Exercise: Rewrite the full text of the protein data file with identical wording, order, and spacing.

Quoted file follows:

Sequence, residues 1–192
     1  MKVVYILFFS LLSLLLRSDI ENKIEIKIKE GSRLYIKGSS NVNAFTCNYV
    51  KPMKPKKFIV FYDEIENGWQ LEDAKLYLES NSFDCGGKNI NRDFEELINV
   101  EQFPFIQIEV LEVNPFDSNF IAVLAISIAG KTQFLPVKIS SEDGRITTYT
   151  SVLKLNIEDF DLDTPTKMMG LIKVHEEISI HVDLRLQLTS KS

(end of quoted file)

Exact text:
Sequence, residues 1–192
     1  MKVVYILFFS LLSLLLRSDI ENKIEIKIKE GSRLYIKGSS NVNAFTCNYV
    51  KPMKPKKFIV FYDEIENGWQ LEDAKLYLES NSFDCGGKNI NRDFEELINV
   101  EQFPFIQIEV LEVNPFDSNF IAVLAISIAG KTQFLPVKIS SEDGRITTYT
   151  SVLKLNIEDF DLDTPTKMMG LIKVHEEISI HVDLRLQLTS KS